God didn’t make a mistake…

Mom. God did something wrong. He messed up on me because he made me brown, he did not make me white. He needs to go back and fix it so I can be white.

A friend recently posted the quote above on her Facebook page…and my heart just broke right open. She went on to tell about how she responded and how she sought help from someone else within their circle to reinforce her words and help instill pride and understanding into her precious child.

I wanted to write about it then, but it just seemed a bit out of touch for a middle-aged white woman to address such a thing in her blog. I’ve continued to think about it though, and with all that has happened in the last week or so, I know for certain that I was wrong. It needs to be addressed by ALL of us. Not addressing such a thing has led us to where we are right now…and it is beyond unacceptable for us to be where we are. But, honestly, where to start? Where to start?!

I’m so grateful he talked to his mom and didn’t just keep this to himself. This precious child who is strong and smart and handsome knows he can trust his mom with what he thinks. That’s the mark of great parenting and I’m incredibly proud of his mom and the way she walks her walk in the difficult task of raising her boys.

Because she was open enough to share it, I’ve had to think about it. It hasn’t all been comfortable. I’ve had to deliberately think through what I was taught and what I “caught” as I grew up in Mississippi in the 1960s. For the record, that doesn’t always mean what people think it does. Some of the most educated, lovingly inclusive people I’ve ever known come from the same place I do. A person can never be truly known simply by the history, actions and attitudes present in the land of their birth. The same can be said of wherever you come from, too, I suspect, and that’s part of the point of this post. We can’t change the past, but we can certainly do something about today!

Children can often get things wrong simply because they aren’t old enough to understand or don’t hear/know the whole narrative. This child got it wrong because WE as adults haven’t understood the whole narrative, so what has been passed down over the generations has led us to this toxic reality that we share today . With that in mind, I’ll start like this:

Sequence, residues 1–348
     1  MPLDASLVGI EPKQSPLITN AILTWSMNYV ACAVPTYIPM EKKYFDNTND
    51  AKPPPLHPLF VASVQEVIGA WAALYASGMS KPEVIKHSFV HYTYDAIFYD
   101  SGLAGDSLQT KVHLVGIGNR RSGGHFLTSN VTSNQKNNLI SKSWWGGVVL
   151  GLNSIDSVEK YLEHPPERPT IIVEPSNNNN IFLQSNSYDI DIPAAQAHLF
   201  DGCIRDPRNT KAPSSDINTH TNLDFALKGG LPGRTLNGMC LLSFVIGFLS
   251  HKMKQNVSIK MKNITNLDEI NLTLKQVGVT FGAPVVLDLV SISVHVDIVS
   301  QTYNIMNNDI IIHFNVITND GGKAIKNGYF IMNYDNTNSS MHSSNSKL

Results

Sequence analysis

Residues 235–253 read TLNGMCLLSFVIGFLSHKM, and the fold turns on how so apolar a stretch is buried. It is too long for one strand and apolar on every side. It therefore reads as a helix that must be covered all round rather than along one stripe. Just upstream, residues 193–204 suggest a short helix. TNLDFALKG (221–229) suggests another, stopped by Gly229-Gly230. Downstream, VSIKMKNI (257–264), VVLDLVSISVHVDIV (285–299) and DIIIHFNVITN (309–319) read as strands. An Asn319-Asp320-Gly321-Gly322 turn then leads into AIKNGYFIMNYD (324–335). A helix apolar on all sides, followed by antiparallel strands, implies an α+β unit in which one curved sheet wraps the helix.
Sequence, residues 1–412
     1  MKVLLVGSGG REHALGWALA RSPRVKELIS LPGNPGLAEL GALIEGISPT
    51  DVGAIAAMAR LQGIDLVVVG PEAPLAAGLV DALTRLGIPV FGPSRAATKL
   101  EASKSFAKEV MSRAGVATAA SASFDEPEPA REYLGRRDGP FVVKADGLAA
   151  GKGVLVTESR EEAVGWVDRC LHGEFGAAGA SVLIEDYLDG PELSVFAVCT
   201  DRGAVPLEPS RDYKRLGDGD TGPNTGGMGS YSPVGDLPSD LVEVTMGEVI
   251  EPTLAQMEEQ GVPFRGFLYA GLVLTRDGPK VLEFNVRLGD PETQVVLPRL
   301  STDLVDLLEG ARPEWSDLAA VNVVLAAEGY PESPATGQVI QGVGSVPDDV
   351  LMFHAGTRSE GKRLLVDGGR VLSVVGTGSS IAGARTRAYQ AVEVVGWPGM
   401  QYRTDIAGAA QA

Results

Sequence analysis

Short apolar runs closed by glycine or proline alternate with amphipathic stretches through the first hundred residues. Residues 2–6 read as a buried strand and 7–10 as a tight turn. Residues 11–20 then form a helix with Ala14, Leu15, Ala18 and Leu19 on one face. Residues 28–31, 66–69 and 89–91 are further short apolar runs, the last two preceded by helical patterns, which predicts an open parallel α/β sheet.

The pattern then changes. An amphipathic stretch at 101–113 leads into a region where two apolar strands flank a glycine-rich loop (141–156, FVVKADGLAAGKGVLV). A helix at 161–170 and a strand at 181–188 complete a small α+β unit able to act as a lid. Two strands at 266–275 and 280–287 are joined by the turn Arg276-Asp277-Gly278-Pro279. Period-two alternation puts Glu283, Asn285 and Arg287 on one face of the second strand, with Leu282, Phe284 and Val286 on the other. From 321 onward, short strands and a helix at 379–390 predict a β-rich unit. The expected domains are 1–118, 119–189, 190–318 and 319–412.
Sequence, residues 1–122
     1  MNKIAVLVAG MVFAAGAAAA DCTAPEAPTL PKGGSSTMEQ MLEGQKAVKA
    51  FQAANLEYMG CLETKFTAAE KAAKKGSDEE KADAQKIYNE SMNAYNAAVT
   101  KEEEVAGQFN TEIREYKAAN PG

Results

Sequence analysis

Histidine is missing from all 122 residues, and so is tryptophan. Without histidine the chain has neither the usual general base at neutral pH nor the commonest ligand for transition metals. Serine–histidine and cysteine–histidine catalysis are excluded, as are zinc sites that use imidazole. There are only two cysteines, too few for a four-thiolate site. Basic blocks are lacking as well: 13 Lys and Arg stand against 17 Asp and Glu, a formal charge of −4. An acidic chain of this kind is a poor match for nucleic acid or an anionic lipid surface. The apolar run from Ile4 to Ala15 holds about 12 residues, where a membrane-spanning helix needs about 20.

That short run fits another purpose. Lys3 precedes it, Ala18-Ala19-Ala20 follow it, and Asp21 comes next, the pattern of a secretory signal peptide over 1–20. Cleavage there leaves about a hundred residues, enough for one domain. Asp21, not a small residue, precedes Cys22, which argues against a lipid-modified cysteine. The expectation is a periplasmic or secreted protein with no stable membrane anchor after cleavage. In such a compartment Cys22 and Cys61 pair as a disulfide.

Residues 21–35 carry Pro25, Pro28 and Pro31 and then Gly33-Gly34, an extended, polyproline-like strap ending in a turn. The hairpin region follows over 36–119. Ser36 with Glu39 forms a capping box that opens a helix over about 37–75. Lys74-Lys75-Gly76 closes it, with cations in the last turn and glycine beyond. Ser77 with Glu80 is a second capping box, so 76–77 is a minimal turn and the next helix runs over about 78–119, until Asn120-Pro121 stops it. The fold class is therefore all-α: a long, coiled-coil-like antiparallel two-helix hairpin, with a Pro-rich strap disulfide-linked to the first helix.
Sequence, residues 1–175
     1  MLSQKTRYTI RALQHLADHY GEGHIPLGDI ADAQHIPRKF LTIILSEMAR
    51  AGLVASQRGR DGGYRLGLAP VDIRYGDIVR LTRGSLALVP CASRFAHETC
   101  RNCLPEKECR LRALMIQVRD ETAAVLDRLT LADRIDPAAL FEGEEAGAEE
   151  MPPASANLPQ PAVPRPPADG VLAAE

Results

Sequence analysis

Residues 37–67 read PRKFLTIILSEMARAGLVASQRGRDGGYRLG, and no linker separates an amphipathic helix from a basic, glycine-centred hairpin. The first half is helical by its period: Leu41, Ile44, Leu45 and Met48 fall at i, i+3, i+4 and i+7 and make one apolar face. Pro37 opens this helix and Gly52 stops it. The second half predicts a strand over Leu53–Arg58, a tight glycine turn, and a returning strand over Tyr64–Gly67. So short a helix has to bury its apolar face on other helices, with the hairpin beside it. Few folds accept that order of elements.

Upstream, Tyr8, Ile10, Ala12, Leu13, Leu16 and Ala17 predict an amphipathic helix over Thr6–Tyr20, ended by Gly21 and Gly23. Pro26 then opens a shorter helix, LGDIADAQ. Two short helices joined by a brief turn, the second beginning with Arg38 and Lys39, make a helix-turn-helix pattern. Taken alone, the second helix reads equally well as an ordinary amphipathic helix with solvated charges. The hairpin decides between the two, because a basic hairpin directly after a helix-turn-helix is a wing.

• Oh, sweet child (and adults and everyone in between!), God is never wrong. He is perfect.  “As for God, his way is perfect…” Psalm 18:30 (NIV) 
  • Because He is perfect, we can assume that we are not mistakes. He made us on purpose and He made us ALL different. There is no wrong color and no right color because God apparently likes them all or He would have already stopped making people of all different shades –and height and weight and every other physical characteristic you can name.
  • God made each of us on purpose. Psalm 139 is clear about that. He carefully created us and planned out our lives in order to bless us. That’s really great because it tells us that the things we can’t change about ourselves (our parents, the place we were born, and our genetics–including our skin color!) are things that God chose individually just for us. HE thinks that’s the best way for us to be. Yes, He could have created you differently, but God decided that YOU would best glorify Him by being just the way He made you–and He is never wrong.
  • The things we can change about ourselves (our thoughts, decisions, actions, and attitudes) are the things over which He gives us free will. These are OUR choices so it is up to us to make the most of them so that we can glorify Him and honor those around us as fellow creations of a loving and almighty God.
  • When God’s Word tell us something and the world around us acts like something else, you can take it to the bank:  it is the WORLD that is wrong. People are the problem, not God. That’s always the case whenever there is hate, discrimination, and bigotry–and a whole lot of other ugly words I wish you would never have to learn about first hand.
  • The decision to elevate one skin color (or any other physical trait!) over another is a sin. It isn’t a cultural issue. It isn’t a pride issue. It isn’t “the natural order of things” or any other phrase that’s used by those who practice it. It is sin.
  • The only cure for sin is Jesus. That’s why every single person on the planet needs Him.
  • The only way we can change our society is by accepting Christ and then acting like Him. We need to be “Jesus with skin on”–no matter what color our skin is!!– for everyone we meet. We will still mess up and we will occasionally be wrong in really big ways because we are human, but if we are consistently trying to be like God tells us to be in His Word, then we’ll be way ahead of where we are right now…and our world NEEDS us to be like He tells us to be. It is the only way some of them will ever hear about Him.

Hear me well, please. Wherever you are, whoever you are, or whatever you look like, God loves you! Be proud of who you are! He designed you on purpose for great things–the best of which is to be like His Son. You can only do that if you choose to accept Jesus as your Lord and Savior and walk out the rest of your days according to His teachings in Scripture. It isn’t always easy, but it is definitely worth it.

Now. How will you choose to walk out and talk out today? Your choices matter…to all of us.